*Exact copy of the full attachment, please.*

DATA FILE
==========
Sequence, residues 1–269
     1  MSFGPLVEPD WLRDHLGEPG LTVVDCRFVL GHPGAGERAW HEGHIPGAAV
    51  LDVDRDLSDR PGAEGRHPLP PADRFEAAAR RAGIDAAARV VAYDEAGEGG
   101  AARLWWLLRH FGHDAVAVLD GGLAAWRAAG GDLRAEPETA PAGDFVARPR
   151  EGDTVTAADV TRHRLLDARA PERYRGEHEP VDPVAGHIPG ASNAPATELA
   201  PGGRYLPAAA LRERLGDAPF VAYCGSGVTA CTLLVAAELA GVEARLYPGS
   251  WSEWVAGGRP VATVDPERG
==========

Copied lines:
Sequence, residues 1–269
     1  MSFGPLVEPD WLRDHLGEPG LTVVDCRFVL GHPGAGERAW HEGHIPGAAV
    51  LDVDRDLSDR PGAEGRHPLP PADRFEAAAR RAGIDAAARV VAYDEAGEGG
   101  AARLWWLLRH FGHDAVAVLD GGLAAWRAAG GDLRAEPETA PAGDFVARPR
   151  EGDTVTAADV TRHRLLDARA PERYRGEHEP VDPVAGHIPG ASNAPATELA
   201  PGGRYLPAAA LRERLGDAPF VAYCGSGVTA CTLLVAAELA GVEARLYPGS
   251  WSEWVAGGRP VATVDPERG